On October 31, 2018, the Government of Canada had updated its multi-year immigration levels plan, which would see the number of new immigrants in Canada rise to 350,000 by 2021. This plan was to see immigration levels rise by 40,000 more than Canada's target of 310,000 immigrants in 2018.[31]

Quebec City mosque attack[edit]

On the night of January 29, 2017, Alexandre Bissonnette, a young Quebec City citizen, opened fire in a mosque in the Sainte-Foy neighbourhood of Quebec City. Bissonnette checked in on the Twitter account of Ben Shapiro, editor in chief of the conservative news site the Daily Wire, 93 times in the month leading up to the shooting.[32] Six people were killed and 19 others were seriously injured. The Prime minister said in the House of Commons "This was a group of innocents targeted for practising their faith. Make no mistake, this was a terrorist act.[33]Following the massacre Trudeau attended and gave a speech at religious ceremonies with Premier of Québec Philippe Couillard.[34] Trudeau has also criticized La Meute (a small far right group), condemning them as "racists … these ‘nonos’ who wear dog paws on their T-shirts."[35]

Vegreville Processing Centre[edit]

In 2017, the Immigration, Refugees and Citizenship Canada decided to close the processing centre in Vegreville, Alberta, and to relocate the centre to Edmonton. The community of 5,000 people, located about 100 km east of Edmonton, decided to fight back against the decision. 280 people work at the centre, and according to Global News, 2/3 of the workers would quit instead of moving west to Edmonton.[36] The battle against the closure of the Vegreville Processing Centre is supported by the Rural Canada Matters movement.[37]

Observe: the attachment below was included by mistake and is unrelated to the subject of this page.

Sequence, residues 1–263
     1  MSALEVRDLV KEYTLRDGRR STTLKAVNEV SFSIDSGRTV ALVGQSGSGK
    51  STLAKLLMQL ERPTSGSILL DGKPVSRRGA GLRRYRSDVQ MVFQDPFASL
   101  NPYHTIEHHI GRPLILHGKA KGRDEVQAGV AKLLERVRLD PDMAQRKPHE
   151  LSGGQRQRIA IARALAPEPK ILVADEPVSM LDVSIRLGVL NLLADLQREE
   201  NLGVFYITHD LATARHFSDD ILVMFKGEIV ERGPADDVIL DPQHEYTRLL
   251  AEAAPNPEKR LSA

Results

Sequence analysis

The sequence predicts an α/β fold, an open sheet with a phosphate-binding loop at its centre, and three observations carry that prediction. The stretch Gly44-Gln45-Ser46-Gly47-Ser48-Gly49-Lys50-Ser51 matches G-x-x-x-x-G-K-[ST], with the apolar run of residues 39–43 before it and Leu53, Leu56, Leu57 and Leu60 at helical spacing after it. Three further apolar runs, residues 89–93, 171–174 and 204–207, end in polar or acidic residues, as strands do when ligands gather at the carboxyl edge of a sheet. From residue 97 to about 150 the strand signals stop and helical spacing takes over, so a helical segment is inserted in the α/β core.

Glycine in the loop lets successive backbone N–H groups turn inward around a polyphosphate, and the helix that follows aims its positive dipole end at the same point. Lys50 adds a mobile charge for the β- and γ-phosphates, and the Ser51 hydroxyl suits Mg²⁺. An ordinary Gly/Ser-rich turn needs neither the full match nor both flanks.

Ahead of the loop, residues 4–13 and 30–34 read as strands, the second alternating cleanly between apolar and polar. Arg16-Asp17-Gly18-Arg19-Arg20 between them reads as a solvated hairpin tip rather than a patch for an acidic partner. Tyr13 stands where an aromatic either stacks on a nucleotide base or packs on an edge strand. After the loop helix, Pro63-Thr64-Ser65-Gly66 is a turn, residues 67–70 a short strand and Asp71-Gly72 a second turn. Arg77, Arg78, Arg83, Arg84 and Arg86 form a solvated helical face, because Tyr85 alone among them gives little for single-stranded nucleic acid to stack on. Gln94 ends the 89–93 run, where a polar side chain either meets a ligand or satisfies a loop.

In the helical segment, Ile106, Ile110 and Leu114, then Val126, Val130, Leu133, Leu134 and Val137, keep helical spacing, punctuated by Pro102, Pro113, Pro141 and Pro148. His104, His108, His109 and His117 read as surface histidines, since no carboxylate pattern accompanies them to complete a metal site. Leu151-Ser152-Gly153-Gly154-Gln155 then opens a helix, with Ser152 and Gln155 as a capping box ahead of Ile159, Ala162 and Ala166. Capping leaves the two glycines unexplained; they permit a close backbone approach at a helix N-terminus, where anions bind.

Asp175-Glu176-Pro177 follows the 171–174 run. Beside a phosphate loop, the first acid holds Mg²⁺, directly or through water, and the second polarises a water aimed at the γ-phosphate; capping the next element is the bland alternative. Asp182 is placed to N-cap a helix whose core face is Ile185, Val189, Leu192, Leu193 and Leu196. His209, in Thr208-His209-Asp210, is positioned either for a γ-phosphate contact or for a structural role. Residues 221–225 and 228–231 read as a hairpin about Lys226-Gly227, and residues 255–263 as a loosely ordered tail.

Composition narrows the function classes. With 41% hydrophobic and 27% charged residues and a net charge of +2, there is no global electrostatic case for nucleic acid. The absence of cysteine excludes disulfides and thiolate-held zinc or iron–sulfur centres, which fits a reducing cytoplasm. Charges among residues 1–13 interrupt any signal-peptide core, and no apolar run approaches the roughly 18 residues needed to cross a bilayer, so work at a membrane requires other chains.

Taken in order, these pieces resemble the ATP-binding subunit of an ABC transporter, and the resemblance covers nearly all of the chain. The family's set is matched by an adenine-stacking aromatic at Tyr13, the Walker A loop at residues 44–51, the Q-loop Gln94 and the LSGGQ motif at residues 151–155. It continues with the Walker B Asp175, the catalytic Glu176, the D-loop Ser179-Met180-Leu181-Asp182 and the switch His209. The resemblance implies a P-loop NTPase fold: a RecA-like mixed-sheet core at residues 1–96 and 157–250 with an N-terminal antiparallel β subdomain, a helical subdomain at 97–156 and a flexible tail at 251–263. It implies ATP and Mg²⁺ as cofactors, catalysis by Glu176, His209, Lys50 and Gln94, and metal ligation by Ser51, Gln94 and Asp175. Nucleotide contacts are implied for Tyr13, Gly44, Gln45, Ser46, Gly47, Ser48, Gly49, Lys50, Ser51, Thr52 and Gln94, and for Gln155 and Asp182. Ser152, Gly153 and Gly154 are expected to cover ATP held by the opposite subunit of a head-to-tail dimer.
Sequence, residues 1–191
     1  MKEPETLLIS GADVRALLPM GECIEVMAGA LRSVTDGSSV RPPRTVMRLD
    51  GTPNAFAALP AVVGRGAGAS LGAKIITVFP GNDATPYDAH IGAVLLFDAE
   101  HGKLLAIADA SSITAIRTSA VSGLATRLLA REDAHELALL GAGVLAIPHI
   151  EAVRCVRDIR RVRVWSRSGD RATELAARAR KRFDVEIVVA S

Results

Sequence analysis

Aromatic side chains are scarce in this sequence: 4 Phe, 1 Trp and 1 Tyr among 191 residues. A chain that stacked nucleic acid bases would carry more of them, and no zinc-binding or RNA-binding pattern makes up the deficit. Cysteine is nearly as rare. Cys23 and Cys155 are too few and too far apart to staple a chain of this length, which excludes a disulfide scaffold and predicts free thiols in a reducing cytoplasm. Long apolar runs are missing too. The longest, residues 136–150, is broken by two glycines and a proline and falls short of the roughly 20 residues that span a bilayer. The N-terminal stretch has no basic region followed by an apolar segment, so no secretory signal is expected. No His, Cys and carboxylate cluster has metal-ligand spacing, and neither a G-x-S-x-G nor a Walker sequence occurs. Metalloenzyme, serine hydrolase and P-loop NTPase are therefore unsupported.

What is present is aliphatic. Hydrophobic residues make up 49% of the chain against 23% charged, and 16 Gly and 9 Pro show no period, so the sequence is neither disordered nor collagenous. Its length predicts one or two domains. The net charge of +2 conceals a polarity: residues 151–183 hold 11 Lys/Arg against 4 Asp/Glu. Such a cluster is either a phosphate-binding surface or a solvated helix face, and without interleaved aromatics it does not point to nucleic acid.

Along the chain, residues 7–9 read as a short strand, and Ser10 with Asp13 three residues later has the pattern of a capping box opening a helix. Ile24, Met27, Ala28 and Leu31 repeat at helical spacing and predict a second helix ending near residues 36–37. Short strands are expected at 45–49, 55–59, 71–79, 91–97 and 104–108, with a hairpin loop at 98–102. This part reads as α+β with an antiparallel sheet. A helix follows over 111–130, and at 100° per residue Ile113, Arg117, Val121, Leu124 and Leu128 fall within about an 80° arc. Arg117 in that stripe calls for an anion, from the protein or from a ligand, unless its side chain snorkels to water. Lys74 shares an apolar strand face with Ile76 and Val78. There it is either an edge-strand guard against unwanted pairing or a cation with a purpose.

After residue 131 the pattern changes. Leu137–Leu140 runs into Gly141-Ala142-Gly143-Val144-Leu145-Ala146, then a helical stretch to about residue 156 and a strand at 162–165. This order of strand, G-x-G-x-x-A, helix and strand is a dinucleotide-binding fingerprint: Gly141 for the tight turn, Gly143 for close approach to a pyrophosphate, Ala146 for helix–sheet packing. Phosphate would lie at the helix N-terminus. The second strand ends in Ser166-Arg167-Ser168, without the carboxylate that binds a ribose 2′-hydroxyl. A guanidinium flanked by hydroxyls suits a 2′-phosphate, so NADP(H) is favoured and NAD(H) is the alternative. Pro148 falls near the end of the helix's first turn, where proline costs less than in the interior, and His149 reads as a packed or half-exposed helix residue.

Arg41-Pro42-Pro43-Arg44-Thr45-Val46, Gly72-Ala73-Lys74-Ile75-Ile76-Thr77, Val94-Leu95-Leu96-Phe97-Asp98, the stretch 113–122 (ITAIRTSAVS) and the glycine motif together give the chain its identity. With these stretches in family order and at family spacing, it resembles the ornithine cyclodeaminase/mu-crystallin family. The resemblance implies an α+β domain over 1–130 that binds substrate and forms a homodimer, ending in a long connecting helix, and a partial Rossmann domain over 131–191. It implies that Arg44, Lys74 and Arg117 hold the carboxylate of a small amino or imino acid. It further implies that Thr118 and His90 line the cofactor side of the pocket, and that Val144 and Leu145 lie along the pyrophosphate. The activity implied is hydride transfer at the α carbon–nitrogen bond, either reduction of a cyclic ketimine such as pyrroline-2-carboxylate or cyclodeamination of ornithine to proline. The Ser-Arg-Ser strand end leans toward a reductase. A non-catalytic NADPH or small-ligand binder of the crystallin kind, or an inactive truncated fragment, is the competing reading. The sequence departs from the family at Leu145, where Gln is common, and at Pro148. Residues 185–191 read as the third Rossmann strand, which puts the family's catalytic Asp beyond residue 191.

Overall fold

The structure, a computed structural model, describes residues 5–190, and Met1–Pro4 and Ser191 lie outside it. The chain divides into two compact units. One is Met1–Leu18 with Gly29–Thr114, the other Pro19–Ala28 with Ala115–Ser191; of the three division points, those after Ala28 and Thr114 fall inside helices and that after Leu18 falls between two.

Phoenix Pay system[edit]

Foreign policy[edit]

Death of Fidel Castro[edit]

After the death of Cuban dictator Fidel Castro in November 2016, Trudeau released a statement that described Castro as a "remarkable leader" and a "larger than life leader who served his people."[38] Trudeau was criticized by political observers in Canada and the United States for the statement.[39] United States Senator Marco Rubio called the statement "shameful and embarrassing," while Canadian MP Maxime Bernier called his remarks "repugnant."[39] The Washington Post questioned many of the claims made in Trudeau's statements, saying that Trudeau "appears to accept outdated Cuban government spin as current fact."[40]